For all of the hope surrounding algae biofuels, surrounding Craig Venter’s big algae project, and then, surrounding Sapphire – one of the last algae games left in town, we get news that Sapphire Energy’s CEO has been replaced. Some read this as a significant and negative sign.
It would seem that we’ve been putting a lot of false hope into algae as a “sustainable” savior for liquid fuels. The requirements to grow it and to get it to produce oil are not so little as it turns out. Nor can living cells be manipulated to produce a lot without requiring a lot in return.
A new emphasis may be emerging from fledgling algae start-ups, and that is to produce an Omega-3 oil human nutrient product instead of crude oil, something that might actually be a profitable venture.
I’ve had a post on the back burner for a very long time, and this seems like a good time to run it. Captain T. A. “Ike” Kiefer wrote a paper titled “Twenty-First Century Snake Oil: Why the United States Should Reject Biofuels as Part of a Rational National Security Energy Strategy” in January 2013. I liked all of it, but I especially liked the part about algae for biodiesel.
The remainder of this post is the excerpt on algae for biodiesel, written by Kiefer and republished with his permission.
A third option, besides growing a plant for its starches or cellulose, is to grow it directly for oil. Species which yield some biomass as lipids include soy, camelina, rapeseed, oil palm, jatropha, peanut, sunflower, cottonseed, safflower, and microalgae. All of these crops, including a non-poisonous Mexican variant of jatropha, have provided human and animal food over the centuries. The natural lipids in these plants can be broken down by adding methanol (made from natural gas) to convert them into a soup of fatty-acid methyl esters (FAME) commonly known as “biodiesel.”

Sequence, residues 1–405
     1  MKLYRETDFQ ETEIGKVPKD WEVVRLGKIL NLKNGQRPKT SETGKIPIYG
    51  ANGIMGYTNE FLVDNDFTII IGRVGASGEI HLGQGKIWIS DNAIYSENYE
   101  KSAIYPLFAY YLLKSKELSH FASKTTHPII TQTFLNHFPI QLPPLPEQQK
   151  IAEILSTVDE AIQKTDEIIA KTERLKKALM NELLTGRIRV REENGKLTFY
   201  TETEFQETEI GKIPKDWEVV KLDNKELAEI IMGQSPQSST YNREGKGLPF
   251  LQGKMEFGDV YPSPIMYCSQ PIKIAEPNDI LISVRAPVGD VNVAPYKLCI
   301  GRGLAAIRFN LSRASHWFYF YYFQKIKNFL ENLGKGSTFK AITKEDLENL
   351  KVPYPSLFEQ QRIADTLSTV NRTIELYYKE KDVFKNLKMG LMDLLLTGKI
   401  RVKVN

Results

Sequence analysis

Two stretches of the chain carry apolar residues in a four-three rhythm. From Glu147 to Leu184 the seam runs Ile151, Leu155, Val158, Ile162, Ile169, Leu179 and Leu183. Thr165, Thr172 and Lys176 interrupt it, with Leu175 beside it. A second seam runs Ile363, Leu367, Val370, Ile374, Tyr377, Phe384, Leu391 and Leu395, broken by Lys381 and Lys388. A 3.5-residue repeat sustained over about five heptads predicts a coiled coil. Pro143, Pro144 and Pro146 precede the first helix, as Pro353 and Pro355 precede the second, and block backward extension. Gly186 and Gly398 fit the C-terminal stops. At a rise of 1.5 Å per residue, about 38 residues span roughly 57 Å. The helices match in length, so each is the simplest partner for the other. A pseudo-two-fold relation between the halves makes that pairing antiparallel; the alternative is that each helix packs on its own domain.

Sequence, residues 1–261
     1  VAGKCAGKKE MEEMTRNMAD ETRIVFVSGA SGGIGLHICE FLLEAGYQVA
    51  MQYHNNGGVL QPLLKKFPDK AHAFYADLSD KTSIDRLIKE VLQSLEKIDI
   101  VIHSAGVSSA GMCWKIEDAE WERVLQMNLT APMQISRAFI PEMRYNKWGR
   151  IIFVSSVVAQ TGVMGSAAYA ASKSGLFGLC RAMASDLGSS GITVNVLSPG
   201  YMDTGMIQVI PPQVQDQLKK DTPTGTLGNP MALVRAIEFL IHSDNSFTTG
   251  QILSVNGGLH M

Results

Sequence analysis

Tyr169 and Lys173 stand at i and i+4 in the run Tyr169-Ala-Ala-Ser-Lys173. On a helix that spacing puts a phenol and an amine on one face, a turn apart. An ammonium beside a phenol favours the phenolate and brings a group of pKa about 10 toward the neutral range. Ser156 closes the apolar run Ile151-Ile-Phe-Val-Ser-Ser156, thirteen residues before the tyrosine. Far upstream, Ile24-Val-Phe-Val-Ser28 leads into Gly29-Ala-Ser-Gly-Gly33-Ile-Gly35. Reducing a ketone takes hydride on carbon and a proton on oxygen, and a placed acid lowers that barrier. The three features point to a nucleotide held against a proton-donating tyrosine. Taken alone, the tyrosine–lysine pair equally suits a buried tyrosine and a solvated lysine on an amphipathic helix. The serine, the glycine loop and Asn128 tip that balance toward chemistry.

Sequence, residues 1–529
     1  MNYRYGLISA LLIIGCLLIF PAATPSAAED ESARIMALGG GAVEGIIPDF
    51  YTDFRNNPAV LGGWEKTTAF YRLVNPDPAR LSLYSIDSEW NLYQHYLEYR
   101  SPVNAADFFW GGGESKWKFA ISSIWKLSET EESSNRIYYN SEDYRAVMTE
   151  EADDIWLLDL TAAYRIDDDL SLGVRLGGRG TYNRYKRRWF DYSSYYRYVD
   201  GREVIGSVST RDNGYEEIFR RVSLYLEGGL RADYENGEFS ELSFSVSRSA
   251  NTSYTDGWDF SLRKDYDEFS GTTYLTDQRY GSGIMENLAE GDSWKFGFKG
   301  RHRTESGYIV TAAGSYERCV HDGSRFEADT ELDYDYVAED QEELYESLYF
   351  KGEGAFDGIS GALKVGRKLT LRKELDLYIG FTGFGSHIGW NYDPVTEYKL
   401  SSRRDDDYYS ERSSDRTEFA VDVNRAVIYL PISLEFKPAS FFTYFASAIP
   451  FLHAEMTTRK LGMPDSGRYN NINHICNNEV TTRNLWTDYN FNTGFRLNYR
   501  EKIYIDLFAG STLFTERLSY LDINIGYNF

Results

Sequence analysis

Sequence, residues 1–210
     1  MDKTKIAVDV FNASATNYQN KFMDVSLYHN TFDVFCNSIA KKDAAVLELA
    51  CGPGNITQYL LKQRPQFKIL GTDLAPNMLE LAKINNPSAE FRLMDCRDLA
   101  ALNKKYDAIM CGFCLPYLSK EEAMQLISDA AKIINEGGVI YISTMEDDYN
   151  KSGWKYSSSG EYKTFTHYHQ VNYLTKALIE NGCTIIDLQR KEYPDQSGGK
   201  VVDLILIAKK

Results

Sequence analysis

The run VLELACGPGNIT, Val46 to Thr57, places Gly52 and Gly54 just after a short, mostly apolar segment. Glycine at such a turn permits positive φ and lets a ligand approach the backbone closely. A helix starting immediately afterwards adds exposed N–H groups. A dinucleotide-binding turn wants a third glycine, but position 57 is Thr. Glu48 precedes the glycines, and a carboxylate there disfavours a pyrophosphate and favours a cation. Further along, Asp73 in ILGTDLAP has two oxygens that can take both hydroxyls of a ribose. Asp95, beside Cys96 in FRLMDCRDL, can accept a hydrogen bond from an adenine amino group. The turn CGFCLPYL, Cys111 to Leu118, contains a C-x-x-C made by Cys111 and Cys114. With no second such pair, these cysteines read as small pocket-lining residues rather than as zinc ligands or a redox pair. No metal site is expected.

Lipid fractions of plants are generally small compared to starch fractions, and that is why soy biodiesel yields per acre are much smaller than corn ethanol yields (70 gal/acre v. 500 gal/acre) and consume so much more water per liter of fuel, as will be discussed later. Soy Biodiesel EROI calculated from rigorous, full commercial-scale lifecycle studies is slightly better than corn ethanol at 1.9:1, but still nowhere close the 6:1 threshold for minimal utility. The well- known oil fraction limitation of terrestrial plants is why there has been 80 years of research on fast-growing, higher lipid fraction micro-algae as a way to get a high- yield biodiesel crop.
Algae is the only biodiesel crop with high enough potential yields to replace US petroleum without consuming all US territory as cropland, so it is worth a detailed look. All plants, including algae, stubbornly want to produce carbohydrate structural biomass instead of lipids because that is how they grow and reproduce. Lipids are an intermediate synthesis product that are only accumulated in larger amounts when the plant is starved of some essential nutrient such as nitrogen or silicon essential to complete biosynthesis of new structural biomass.
Lipid yield in g/m2 of pond or bioreactor surface area is a function of the number of algae cells and their individual lipid fractions. Absolute yield is limited because one can either starve the algae to produce more oil or feed them to foster reproduction, but not both—another catch-22. In addition, lipid fraction controls buoyancy for algae. It cannot be increased beyond the point where the algae float to the surface, crowd out the sunlight, dry out, and die. These are physical and biological limits known from previous research under the Aquatic Species Program. It is not possible to change basic physical laws such as Archimedes’ principle of buoyancy with even the most sophisticated genetic engineering.
Additionally, attempts to move algae from the lab bench to commercialization continue to be crushed by poor EROI. A literature survey of reported algae EROIs performed by the National Research Council found values from 0.13:1 to 7:1, but in the higher cases, energy credits from co-products dwarfed the energy delivered as biodiesel—biodiesel was really the co-product and solid biomass the product.